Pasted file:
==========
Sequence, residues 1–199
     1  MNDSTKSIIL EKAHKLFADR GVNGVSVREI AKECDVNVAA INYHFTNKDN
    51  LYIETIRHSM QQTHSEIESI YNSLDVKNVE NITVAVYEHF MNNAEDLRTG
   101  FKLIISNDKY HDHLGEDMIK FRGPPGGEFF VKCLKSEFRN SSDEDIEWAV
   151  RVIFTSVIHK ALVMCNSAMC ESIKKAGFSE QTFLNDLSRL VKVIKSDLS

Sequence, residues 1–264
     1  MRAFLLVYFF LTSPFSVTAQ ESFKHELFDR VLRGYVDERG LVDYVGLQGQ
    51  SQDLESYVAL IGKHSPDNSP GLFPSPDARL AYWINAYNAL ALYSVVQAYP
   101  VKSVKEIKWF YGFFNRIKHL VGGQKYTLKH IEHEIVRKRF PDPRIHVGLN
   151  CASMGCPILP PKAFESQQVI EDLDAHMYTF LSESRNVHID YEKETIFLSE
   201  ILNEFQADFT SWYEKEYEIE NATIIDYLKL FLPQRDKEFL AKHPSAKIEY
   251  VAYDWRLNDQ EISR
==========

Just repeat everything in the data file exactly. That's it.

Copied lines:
Sequence, residues 1–199
     1  MNDSTKSIIL EKAHKLFADR GVNGVSVREI AKECDVNVAA INYHFTNKDN
    51  LYIETIRHSM QQTHSEIESI YNSLDVKNVE NITVAVYEHF MNNAEDLRTG
   101  FKLIISNDKY HDHLGEDMIK FRGPPGGEFF VKCLKSEFRN SSDEDIEWAV
   151  RVIFTSVIHK ALVMCNSAMC ESIKKAGFSE QTFLNDLSRL VKVIKSDLS

Sequence, residues 1–264
     1  MRAFLLVYFF LTSPFSVTAQ ESFKHELFDR VLRGYVDERG LVDYVGLQGQ
    51  SQDLESYVAL IGKHSPDNSP GLFPSPDARL AYWINAYNAL ALYSVVQAYP
   101  VKSVKEIKWF YGFFNRIKHL VGGQKYTLKH IEHEIVRKRF PDPRIHVGLN
   151  CASMGCPILP PKAFESQQVI EDLDAHMYTF LSESRNVHID YEKETIFLSE
   201  ILNEFQADFT SWYEKEYEIE NATIIDYLKL FLPQRDKEFL AKHPSAKIEY
   251  VAYDWRLNDQ EISR